About Me

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I was raised in California, where my family ranched along with my parents raising us 5 kids, sometimes a few extra with them involved in foster care. I remember as a little girl how I loved watching my Dad ride...especially the gritty horses. He has a special way with horses. I knew from a kid that I wanted to marry a Cowboy...so I did. Although I haven't been a Wyoming Wife for long, my husband and I live an exciting life together. Not only are we partners but were the best of friends. These are going to be stories which include my emotions (which as a female they seem to be on the fritz sometimes!), days gone bad, and days that ended absolutely perfect. All in all...this is just a journal of my crazy, beautiful life as a Wyoming Wife.

Friday, February 4, 2011

Two Good Teachers

Uncle Sonny was my great-great uncle who had a love for fancy lookin’ horses. He bought a colt for $5000 back in the late 90’s. He would come home after being gone all day and saddle his Palomino stud horse he named Samson but called him “Sonny”. There he would sit in his 30x30 horse corral and be lost in dreams of gathering wild cows in the wasteland of California.
Uncle Sonny passed away in his recliner leaving behind his family and his well treasured horses. In the corrals were a Dun Mare and a handsome Palomino. We ended up getting these horses. And for that I will always be thankful.
Delilah was the mare, I would ride her after Church when us kids would go check cows with Dad. She was a good horse, we had some “babies” out of her and the Handsome Sonny. As a matter of fact, my Dad taught us kids the “birds and the bees” with these two horses. Anyone having a ranch dad would understand that.
Sonny needed some work to be a ranch horse. He had never had a loop thrown off of him, he had never dragged a calf to a fire pit. My dad got this handsome horse where he needed to be.
Now being from Southern California there were wild cows there. I have pictures of my dad in the middle of a river throwing a loop off Sonny to dally off to these rank ol’ cows. He was worked in the years my dad was molding him. Sonny no longer became a project horse, he became a cowboys horse. My dad had him trained so well, Sonny would just lift his foot up to the hoof stand to rasp his hoofs…I loved that. My dad would kind of grumble and say, “ You should have seen me shoe him when we first got him.”
I didn’t become interested in ways of the Vaqueros, Buckaroos and horsemanship until I was 18. So be it…I needed a horse to call mine. My dad called the vet, Sonny was no longer a stud and he was mine.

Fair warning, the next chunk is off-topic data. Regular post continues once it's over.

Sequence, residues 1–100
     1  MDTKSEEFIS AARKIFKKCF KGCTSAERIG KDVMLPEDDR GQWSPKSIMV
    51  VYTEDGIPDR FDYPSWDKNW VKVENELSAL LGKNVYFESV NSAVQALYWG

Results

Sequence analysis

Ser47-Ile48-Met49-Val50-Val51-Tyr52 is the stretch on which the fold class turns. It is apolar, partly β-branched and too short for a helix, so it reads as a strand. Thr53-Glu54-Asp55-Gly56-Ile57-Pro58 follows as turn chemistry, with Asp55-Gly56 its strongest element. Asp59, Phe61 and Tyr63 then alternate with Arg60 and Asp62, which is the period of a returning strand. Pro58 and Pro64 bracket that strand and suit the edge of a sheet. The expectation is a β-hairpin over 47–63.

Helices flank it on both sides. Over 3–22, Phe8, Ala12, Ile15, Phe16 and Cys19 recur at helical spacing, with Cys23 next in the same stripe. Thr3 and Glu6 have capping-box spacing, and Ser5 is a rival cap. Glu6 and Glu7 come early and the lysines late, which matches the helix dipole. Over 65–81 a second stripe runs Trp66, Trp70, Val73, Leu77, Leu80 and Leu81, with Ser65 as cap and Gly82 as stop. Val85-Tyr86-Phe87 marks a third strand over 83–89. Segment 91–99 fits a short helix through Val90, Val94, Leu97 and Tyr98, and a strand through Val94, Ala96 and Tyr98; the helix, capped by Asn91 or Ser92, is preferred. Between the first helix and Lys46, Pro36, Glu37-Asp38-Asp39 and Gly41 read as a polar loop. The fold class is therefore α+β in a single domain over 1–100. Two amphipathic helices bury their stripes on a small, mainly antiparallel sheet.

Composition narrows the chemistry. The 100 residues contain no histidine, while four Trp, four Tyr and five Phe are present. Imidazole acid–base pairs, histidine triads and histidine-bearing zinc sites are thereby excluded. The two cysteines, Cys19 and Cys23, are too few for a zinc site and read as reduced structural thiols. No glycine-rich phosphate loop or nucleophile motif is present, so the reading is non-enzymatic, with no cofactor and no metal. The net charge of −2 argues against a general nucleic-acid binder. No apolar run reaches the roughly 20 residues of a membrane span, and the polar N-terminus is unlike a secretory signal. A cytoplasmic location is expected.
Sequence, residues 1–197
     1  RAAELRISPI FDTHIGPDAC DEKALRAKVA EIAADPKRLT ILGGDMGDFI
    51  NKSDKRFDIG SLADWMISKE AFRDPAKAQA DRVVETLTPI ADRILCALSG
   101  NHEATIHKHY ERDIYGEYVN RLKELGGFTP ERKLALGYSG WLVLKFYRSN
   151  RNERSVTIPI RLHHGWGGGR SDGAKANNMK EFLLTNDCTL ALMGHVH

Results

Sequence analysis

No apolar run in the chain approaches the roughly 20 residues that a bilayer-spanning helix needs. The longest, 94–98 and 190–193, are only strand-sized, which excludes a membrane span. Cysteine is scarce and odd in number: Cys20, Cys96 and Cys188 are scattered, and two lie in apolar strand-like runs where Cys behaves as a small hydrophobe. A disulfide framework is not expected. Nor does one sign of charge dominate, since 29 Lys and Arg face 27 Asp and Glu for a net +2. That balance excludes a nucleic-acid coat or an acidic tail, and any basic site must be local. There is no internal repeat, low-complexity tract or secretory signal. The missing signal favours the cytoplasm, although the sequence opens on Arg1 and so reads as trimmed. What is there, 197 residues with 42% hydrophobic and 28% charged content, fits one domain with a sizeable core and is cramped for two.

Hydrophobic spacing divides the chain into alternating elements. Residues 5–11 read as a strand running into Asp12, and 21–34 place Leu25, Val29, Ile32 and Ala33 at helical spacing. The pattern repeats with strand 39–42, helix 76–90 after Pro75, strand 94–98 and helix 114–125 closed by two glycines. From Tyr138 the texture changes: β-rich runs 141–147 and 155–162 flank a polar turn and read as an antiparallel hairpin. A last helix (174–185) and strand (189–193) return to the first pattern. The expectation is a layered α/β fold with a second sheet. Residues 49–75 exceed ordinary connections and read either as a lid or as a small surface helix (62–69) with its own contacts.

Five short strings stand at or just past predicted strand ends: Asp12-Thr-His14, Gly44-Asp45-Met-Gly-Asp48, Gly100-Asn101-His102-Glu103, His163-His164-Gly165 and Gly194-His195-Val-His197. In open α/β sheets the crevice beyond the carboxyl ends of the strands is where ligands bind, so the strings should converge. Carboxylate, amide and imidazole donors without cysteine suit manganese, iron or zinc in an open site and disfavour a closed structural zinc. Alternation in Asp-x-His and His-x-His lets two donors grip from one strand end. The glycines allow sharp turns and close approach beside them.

This is where my dad was molding me on a finished horse. Teaching me to relax, and be emotionally connected with the horse (that’s my version of saying that). My dad and Sonny were my patient teachers. Sonny and I were friends, but I learned to be in control. There I was making my dad proud to be on this stout horse, and I was proud to be riding such an gifted horse. My dad would be watching me in the round pen build my confidence and after every ride my dad would say, “Ya did good.”
My favorite thing to do on Sonny was push Momma cows, we would get up behind one and his ears would pin back. Nothing was getting away from him. He never was to good just riding on a trail, he did better when there was work that had to get done. On the trail, we would be working our way up to a big hill, sometimes even little one…he would lope until we got to the very top. My dad said, “You don’t want a horse that’s going to quit ya in the middle of a hill, do ya?”
Everyone thought he was just a kind hearted horse. And very good looking at that. At one branding and old Mexican said, “I love your horse, he no spook at all.”
Needless to say I was proud of what Sonny and I had become. I decided at a branding that it was my turn to try and rope. Kody talked me into it, he could tell I wanted too. Now I’m left handed and my dad is right handed. People may not know this, but when you’ve only been roped on as a horse by a right hand its different on your opposite side. But Sonny did good. He helped me find my spots and didn’t mind dragging calves behind him.
Sonny helped me with my first ranch rodeo. Let me tell you how nervous I was in front of the whole town. But he did good, and so did I. He also was there for my second ranch rodeo where he did the same thing. What I really loved about Sonny, is he knew if it wasn’t me, my dad or Kody on his back. He would take advantage of someone who didn’t want to control him. I’m not sure why I was so proud of that, maybe that was my safety net of me thinking I was getting better at riding.
Sonny helped me, become me. He got me confident enough to go from a trot to a run, he helped me to stay on, so you don’t get so mad that you just stop. He taught me patience and love. He taught me to throw some loops, and how to work with cows.
September 16th was Sonny’s last day, he just lied down and went to sleep. Sonny was only 15 years old. He also passed away with a brand new set of iron on his feet. For some reason I don’t want this story to end because it is a story of a darn good horse that was mine. I will always have memories of me and Sonny. He was not only my teacher but he brought the same interest to me that my dad has always had. This story is dedicated to Sonny and other good horses that were taken to soon.

1 comment:

  1. Another GREAT story, keep it up, looking forward to the next installment.